Santo tackles suspension of international flights
The decision taken by the Air Vanuatu through the CEO in a letter to the Chairman of Espiritu Santo Tourism Associations (ESTA) to cancel the Brisbane flights coming in and going out in a short notice due to safety concerns is now being discussed for solutions by the business community on Santo.
Members of the Espiritu Santo Associations (ESTA) made their first meeting on Monday 11am at the Hotel Santo to discuss the issue and give solutions on the matter.
The letter addressed the main reasons for the Air Vanuatu suspension of international services to Pekoa Airport as due to safety concerns. The main safety concerns are related to a “PASO Report” in relation to the fire truck, an area at the end of the tarmac, the trees around the airport, the large number of birds around the airport and an insurance issue that was not fully detailed.
Around the discussion table, a request was made for Ronan Harvey, to brief the group with the outcome of his inspection of the airport on Monday being a professional in the field because of his experience as a pilot and international airport operator in the UK.
Harvey advised that the main issue is the “PASO Report”, until they know what is in the report and who prepared it, what qualification the auditors had, such report should take two days to complete by a team of qualified people. “We need a copy of the PASO report so we can have reasonable understanding of the situation”
He added that the report has not been provided to the proper interested parties, even Pekoa Airport operations Manager Anderson Wells has not seen it.
Pekoa Airport Operations Manager Anderson wells stated that, the Tarmac area is a minor issue as the white lining needs to be widened to allow the plane to have better angle to turn, as it is a kind of a sharp curve, but a simple issue that can be rectified easily.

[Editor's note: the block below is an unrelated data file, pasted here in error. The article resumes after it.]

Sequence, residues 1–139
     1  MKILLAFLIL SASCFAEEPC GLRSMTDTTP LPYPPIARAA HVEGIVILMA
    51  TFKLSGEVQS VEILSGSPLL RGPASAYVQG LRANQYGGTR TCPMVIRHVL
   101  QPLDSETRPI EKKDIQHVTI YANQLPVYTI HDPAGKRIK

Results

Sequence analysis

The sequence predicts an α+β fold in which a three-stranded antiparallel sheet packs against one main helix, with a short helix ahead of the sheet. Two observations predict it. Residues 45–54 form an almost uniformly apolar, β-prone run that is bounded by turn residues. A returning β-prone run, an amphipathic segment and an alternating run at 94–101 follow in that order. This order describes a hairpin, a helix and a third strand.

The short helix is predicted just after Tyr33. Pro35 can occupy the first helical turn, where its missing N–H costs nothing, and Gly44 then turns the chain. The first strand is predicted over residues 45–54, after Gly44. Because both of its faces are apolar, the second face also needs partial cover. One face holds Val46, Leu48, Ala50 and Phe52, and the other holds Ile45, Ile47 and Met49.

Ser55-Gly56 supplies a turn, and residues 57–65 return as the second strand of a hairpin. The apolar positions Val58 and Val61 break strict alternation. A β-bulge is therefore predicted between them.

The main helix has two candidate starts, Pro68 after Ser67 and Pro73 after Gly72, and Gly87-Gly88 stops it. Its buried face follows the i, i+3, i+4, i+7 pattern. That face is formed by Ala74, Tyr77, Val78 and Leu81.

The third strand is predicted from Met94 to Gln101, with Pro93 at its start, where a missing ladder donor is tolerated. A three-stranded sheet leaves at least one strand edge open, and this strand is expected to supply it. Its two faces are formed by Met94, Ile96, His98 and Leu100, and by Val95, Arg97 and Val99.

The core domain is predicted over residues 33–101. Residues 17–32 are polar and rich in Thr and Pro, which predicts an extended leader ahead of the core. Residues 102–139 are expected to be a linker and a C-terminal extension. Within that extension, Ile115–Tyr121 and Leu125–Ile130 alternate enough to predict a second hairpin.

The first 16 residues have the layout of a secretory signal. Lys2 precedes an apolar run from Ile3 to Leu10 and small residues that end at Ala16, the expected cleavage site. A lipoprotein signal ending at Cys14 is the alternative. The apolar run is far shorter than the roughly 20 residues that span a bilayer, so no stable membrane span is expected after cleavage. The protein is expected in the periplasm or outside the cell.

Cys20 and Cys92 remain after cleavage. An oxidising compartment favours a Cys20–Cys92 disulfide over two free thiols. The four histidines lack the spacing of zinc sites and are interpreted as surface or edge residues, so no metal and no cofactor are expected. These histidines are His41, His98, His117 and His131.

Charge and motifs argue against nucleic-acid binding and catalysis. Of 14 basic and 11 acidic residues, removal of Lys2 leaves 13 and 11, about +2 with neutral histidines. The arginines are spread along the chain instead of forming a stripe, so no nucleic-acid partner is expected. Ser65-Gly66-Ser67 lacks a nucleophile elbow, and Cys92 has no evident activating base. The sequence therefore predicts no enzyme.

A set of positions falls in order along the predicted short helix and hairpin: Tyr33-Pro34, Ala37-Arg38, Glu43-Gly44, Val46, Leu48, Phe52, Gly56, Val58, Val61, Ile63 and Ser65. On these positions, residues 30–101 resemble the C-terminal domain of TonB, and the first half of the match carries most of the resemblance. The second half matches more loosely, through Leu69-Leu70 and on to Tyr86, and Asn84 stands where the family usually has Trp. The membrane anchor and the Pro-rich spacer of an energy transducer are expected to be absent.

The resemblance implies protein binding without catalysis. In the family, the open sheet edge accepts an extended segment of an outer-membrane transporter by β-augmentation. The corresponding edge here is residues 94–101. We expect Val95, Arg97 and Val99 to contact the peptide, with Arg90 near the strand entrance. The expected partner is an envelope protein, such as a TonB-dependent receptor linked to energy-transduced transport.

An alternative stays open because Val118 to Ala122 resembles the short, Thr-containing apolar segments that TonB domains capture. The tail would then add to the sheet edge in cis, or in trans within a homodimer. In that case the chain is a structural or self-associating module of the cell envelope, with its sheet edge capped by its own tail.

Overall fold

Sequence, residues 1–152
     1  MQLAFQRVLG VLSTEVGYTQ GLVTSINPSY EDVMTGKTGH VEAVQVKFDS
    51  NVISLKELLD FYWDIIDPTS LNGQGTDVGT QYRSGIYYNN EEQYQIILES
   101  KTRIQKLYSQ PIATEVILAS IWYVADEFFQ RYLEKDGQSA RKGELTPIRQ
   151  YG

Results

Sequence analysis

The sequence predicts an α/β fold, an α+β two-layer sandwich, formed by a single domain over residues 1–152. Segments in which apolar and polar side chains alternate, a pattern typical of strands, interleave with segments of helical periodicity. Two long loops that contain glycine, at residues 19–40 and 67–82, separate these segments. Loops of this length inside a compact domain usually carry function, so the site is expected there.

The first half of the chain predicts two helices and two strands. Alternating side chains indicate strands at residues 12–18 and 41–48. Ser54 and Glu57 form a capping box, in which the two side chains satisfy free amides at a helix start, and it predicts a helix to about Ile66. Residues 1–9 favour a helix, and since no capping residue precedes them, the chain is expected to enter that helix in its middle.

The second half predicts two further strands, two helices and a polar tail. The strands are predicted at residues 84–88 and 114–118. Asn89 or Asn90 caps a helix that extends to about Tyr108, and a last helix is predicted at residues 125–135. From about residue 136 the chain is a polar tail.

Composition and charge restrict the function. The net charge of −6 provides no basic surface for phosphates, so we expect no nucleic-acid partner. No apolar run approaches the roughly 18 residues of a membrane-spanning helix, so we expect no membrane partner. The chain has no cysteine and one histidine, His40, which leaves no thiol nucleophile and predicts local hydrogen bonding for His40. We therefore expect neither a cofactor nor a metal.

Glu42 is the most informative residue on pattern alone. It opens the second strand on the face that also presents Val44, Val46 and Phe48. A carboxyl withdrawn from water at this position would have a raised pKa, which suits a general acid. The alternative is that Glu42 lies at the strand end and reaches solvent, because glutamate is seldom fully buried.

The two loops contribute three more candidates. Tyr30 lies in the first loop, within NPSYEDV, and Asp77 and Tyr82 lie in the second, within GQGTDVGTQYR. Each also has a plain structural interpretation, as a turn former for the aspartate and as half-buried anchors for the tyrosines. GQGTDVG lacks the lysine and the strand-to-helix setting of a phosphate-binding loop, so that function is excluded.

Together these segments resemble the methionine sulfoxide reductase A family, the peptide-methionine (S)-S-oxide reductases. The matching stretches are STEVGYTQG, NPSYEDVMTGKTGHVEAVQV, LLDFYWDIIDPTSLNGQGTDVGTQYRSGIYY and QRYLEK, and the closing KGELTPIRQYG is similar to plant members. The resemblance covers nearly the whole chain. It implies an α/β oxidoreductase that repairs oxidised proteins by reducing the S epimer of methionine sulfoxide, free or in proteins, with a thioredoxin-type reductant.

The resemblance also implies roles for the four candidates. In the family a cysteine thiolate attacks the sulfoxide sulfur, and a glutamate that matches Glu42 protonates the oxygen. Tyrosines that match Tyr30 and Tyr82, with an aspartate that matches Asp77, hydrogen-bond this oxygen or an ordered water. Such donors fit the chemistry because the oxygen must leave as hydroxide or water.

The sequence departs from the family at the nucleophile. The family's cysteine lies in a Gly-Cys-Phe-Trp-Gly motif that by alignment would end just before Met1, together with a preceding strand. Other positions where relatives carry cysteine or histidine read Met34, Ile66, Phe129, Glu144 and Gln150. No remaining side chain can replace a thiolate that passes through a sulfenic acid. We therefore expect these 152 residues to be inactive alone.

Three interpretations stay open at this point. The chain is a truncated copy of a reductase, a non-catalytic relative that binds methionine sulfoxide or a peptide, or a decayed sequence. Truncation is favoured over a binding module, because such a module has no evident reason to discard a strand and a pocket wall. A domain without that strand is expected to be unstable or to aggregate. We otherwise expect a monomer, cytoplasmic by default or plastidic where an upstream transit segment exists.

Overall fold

Harvey explained that the issues as stated in the Air Vanuatu letter are not good enough reason, nor of a great risk to shut the operation for the international flight.
In his view they are minor issues and can all be rectified. The normal procedure in any airport operation is that a notice is given to the Airport Manager to assess and rectify the matters within a reasonable time, Harvey said. This did not happen in this case. Harvey said for a pilot, he will choose to land at Pekoa anytime than Port Vila, it is much safer.
Harvey said he did also inspect the fire truck and believe the truck is fine, has been working well and might only need a simple checking of the water pump.
Daily Post was able to get comments from the minister of infrastructure, Harry Iauko and he said, “As minister responsible it’s the problem between the people of Santo.
“The land owners have to work as one to meet the requirements made by the PASO.
“All the safety concerns made have to be solved so that we can convince them to allow the flights in Santo.
“The trees will be a risk to the air planes when taking off at the airport.
“Government has nothing to do with the suspension but to address it.
“The landowners have to come up with something positive in order to allow further flights coming and going out especially to Brisbane.”
While discussions were going on an option made during the debate was if the Air Vanuatu is not capable of doing this then Solomon Airlines will be encouraged to take the routines of Santo Brisbane flights.